Electronic – What are the general steps used in creating a ASIC


I'm following a discussion board that discusses an ASIC chip they are building, and they are using terms that I'm unfamilliar with. So far I've gathered

  1. Once a logic design is tested on an FPGA it can be ported to an ASIC with relative ease.
  2. The ASIC is created on a Wafer of ~1000 chips
  3. That wafer is chopped up into smaller chips called "dicing"
  4. "bumping"
  5. Packaging: (not sure what this means: "Aligning the substrates to the fiduciary marks")

As you can infer, I'm a little confused and overwhelmed by the process, but I want to get a handle on what is required and what the end to end process looks like.

Where can I find a detailed list of what happens after I test my FPGA logic and am ready to create several thousand ASICs based on that design?

Best Answer

If you say you have a 'design ready on an FPGA', then I'll assume you have some verilog design which you have verified and tested on an FPGA. To get from here to an ASIC, you would go through the following (rough) steps:

Front End Design

  • The 'front end' of the design cycle generally includes writing of the RTL, and the synthesis of that RTL into a gate level netlist. I'll assume you are starting somewhere in the middle of this.
  • Once you have the RTL, you need to run through the synthesis flow, which converts your RTL into a 'gate level netlist'. An example of software used to do this might be DesignCompiler, by Synopsis.

Back End Design

  • The 'back end' of the design cycle refers to converting your gate level netlist into a 'picture' of an ASIC that would be understood by a silicon foundry.
  • First step would be to run initial floorplanning and place and route, which is essentially picking where you want each gate in your design to be positioned in the IC, as well as figuring out how to connect each of these gates in a finite layer of wires.
  • At this point you might run timing checks (see: Synopsis PrimeTime) to make sure that your design meets your required clock frequency.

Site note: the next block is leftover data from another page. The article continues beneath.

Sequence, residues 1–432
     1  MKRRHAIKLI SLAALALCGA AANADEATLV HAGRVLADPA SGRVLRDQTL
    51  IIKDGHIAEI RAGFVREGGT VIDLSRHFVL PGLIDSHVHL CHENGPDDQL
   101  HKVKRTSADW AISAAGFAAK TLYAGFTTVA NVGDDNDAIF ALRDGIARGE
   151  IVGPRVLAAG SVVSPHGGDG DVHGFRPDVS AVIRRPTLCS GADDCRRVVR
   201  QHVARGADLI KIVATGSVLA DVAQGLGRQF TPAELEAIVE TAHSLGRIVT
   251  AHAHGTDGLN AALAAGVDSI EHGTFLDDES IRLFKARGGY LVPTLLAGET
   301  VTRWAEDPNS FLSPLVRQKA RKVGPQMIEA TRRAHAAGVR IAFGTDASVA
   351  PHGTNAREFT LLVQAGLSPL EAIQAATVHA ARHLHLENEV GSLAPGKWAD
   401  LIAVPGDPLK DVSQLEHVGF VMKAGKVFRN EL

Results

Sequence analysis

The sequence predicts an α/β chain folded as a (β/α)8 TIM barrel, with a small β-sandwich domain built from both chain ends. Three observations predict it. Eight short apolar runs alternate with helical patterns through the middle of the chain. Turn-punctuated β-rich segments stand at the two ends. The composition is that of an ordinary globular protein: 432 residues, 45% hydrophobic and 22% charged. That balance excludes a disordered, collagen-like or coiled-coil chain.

• Once you have your design fully specified, then you need more software (ex. Cadence Virtuoso) which can export your design into the file formats understood by a foundry (GDSII, for example).


  • At this point, you have your GDSII in hand, and you call up a contract foundry like TSMC, negotiate with them, and then hand them several million dollars and your GDSII, and wait for 3-6 months. TSMC then takes your design, creates the layer masks, and etches several thousand of your designs into wafers, then slices the wafers up for packaging.
  • The ASICs at that point likely go to a contract assembly, where they will be bumped (solder applied to the pads on the bottom of the silicon for soldering to a package), and then packaged (the bumped chip will be attached to whatever kind of package you require, be that QFP, DIP, BGA, or whatever you need).
  • At this point your IC is packaged and ready to go, and will be shipped back to you.

There's also a lot of testing that goes on between each step here which I've mostly omitted. Also note that each piece of software mentioned here likely costs in the 6 figure range, and there's probably a few more that I neglected to mention.

Also as I mentioned in my comment, here's an informative excel sheet which gives a rough estimate of the costs of each step: http://www.dz.ee.ethz.ch/?id=1592